Meeting with Children: Frequently Asked Questions
We recently started offering a model of mediation that is child-centered and child-inclusive.
Here are some answers to the frequently asked questions we receive about this program.
Q: Do children attend every mediation meeting?
A: With this innovative program, the child consultation/mediator meets with both parents separately, and then meets with the child or children twice. The parents will continue their mediation process and the mediator will provide feedback from the children to the parents during the parents’ mediation meetings. A final meeting with the child or children will take place privately between the mediator and the child or children to conclude the process.
Q: We have already been separated for quite some time. Is there a benefit to Meeting with Children when we already are well-established co-parents?
A: Meeting with the Children can provide parents with feedback on how their current parenting arrangement is going from their child’s or children’s perspective. Parents do not have to be currently involved in the separation process for Meeting with the Children to be beneficial. Meeting with the Children can be a great way to “check-up” on how things are going for everyone in the new family structure.
Q: How is Meeting with Children different than Voice of the Child Reports?
A: Meeting with Children is for children between the ages of 5 and 18, whereas Voice of the Child Reports are generally only conducted with children age 12 and up. Voice of the Child Reports are generally court-ordered, though parents can request them, whereas Meeting with Children is a completely voluntary process. Voice of the Child Reports tend to be diagnostic in nature and whoever conducts the report may be called as a witness in a trial. Meeting with Children is intended to give the opportunity for the child or children to express themselves and provide feedback to their parents. This feedback is neutral, non-diagnostic, and the child consultant will not testify in a trial.
Q: What is the benefit of Meeting with Children?
A: Children are a part of the family structure. In separation and divorce, the parents’ interests are often considered over the interests of the child or children, even though embedded in legislation is that decisions in separation and divorce should consider the best interest of the child. Meeting with Children brings the interests of the children into the mediation process.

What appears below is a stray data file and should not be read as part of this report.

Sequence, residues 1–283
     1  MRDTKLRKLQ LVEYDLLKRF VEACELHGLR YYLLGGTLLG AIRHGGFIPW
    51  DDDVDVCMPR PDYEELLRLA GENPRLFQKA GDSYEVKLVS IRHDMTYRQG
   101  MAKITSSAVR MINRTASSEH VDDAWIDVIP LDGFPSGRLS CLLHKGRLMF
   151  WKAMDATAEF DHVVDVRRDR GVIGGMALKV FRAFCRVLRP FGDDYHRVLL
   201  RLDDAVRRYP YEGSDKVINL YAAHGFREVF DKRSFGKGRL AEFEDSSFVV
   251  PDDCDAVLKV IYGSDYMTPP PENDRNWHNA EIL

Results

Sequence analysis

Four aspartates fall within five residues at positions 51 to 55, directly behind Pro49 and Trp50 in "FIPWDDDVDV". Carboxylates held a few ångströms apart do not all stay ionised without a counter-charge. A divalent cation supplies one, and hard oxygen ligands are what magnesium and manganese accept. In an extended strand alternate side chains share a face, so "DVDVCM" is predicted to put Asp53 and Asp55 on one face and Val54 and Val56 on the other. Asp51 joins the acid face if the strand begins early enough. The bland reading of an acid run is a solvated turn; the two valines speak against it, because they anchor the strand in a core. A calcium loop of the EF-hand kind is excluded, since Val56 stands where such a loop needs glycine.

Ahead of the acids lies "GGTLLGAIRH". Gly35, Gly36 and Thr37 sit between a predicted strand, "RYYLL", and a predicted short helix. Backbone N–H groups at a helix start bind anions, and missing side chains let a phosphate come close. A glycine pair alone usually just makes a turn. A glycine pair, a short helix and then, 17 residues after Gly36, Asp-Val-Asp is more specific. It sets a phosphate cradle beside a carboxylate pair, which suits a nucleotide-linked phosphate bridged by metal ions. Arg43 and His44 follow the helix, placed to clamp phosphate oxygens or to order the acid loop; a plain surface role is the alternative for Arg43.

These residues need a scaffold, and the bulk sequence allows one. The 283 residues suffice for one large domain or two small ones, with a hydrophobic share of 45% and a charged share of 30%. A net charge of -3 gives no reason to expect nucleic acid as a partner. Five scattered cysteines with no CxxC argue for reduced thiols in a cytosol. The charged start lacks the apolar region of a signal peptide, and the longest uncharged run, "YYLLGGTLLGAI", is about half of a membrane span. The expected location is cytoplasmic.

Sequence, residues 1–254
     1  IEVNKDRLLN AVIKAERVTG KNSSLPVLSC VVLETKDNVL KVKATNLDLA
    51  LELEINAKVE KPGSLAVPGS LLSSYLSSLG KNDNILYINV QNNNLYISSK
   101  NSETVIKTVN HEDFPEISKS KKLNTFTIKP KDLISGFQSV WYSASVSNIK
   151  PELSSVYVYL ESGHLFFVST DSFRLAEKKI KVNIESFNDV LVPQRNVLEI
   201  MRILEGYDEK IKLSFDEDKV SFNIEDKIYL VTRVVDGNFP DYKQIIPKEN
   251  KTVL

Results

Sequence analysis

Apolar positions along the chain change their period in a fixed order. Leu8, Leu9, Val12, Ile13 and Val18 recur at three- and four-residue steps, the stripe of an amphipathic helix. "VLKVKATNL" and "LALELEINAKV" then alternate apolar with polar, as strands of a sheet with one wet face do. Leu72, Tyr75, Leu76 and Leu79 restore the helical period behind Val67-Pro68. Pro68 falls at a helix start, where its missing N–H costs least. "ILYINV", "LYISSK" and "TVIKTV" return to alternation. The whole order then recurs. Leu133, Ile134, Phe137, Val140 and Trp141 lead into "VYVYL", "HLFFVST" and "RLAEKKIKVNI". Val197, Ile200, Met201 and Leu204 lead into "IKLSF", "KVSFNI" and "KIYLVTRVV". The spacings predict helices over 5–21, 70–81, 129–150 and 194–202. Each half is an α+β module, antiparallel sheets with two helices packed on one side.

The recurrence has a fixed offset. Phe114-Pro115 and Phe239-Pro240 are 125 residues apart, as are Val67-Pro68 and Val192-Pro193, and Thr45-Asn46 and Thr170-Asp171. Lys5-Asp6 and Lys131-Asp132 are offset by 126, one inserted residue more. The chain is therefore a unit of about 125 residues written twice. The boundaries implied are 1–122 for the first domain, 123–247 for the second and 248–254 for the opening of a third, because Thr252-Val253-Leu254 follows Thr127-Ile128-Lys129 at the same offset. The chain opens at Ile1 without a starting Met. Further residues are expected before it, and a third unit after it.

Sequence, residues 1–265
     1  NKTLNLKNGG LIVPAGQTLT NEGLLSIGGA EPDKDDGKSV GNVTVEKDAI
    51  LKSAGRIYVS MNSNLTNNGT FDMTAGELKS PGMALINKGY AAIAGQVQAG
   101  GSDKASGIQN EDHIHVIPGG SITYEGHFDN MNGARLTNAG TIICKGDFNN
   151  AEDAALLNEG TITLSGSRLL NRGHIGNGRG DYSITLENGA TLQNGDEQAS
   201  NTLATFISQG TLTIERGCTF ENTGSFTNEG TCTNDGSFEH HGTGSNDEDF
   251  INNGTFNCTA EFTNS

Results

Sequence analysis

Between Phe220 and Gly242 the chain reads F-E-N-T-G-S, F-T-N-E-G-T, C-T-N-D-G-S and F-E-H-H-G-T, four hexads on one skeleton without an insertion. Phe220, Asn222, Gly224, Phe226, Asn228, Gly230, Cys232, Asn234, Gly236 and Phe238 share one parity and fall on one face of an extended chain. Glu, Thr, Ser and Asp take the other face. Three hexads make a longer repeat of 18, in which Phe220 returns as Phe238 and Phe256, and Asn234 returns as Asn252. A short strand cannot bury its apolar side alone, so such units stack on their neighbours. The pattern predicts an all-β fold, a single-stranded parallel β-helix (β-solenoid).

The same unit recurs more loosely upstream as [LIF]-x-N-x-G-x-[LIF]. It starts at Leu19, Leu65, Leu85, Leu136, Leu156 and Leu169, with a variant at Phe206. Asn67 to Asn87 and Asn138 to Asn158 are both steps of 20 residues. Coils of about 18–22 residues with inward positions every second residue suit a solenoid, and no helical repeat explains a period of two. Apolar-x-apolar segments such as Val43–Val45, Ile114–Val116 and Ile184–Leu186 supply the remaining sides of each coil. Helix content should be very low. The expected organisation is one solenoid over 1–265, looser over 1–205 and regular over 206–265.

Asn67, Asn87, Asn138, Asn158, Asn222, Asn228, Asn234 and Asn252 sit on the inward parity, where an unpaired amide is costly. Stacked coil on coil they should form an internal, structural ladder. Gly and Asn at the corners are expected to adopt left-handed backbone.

Q: How much does Meeting with Children cost?
A: Meeting with Children costs $500 + GST for families already using our mediation services.
Q: We are using lawyers. Can we still use Meeting with Children?
A: Meeting with Children can be used to complement other processes, such as the Collaborative Law Process, Arbitration, Med/Arb, and Mediation. If you are already using mediation services with another service provider, Meeting with Children can be added to your services if your mediator is agreeable to it.
Q: What can my child or children expect during their meetings with the mediator/child consultant?
A: Meeting with Children is specially designed to be playful and fun for children. During your child or children’s meetings with the mediator, they will do a variety of activities, such as drawing and card games. Your child will not be interviewed during these meetings, instead, they will play with the mediator and be encouraged to share their experiences with the mediator.
Q: What if my child or children don’t want to participate?
A: Meeting with Children is an entirely voluntary process. If a child or children do not want to participate, they will not be forced to do so. If a parent or parents would like the child or children to participate, they can periodically check in with their child or children to see if they change their mind. If the child or children do change their mind and want to participate in a meeting with the mediator, they are welcome to do so when they are ready.
Q: What if my ex doesn’t want our child or children to participate?
A: Meeting with Children is an entirely voluntary process. Both parents and the child or children need to be willing to participate. If one parent is not on board, the parent who is on board can provide the information to the parent who is still on the fence and periodically check in with that parent to see if they have a change of heart. If they do agree at any point, the mediator will be happy to meet with the child or children at that time.
Q: Do I receive a report at the end?
A: After the mediator has met with your child or children, they will meet with you and your ex to provide you with feedback from your child or children. The mediator will tell you what activities they conducted with the child or children and what the child’s or children’s responses were to those activities, however, you will not receive a written report. The information the mediator provides you is for you and your ex to consider and will help inform you as to what to omit or what to include in your parenting arrangement. Though the information the mediator will provide you will be valuable, at the end of the day it is up to you and your ex as to what stipulations you choose to put into your parenting agreement.
Thank you for reading!
We hope this helped you learn what Meeting with the Children is all about.
If you have any questions that were not answered here, please feel free to contact us for more information!